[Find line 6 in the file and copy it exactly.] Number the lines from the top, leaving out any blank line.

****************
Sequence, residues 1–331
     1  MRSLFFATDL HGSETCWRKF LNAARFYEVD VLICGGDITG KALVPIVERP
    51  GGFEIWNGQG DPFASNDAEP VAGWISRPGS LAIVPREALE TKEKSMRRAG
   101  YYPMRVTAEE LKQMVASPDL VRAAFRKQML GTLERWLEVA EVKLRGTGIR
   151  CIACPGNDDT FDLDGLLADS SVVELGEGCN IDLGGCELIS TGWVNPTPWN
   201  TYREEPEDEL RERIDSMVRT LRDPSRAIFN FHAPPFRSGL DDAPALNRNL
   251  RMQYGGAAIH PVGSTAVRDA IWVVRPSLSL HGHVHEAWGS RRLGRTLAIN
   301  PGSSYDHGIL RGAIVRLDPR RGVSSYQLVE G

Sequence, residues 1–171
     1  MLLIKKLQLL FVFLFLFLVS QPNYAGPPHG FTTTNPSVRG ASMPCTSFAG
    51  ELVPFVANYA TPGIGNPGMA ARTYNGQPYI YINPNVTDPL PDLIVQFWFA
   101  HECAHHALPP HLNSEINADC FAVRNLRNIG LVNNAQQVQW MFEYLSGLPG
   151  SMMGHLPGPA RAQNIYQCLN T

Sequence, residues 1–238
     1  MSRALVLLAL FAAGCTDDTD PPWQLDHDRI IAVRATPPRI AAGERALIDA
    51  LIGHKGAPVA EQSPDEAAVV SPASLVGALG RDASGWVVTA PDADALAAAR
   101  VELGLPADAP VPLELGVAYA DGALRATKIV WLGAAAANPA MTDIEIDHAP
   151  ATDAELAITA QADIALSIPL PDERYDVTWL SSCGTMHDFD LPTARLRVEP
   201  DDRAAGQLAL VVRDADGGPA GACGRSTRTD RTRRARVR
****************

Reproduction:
   201  TYREEPEDEL RERIDSMVRT LRDPSRAIFN FHAPPFRSGL DDAPALNRNL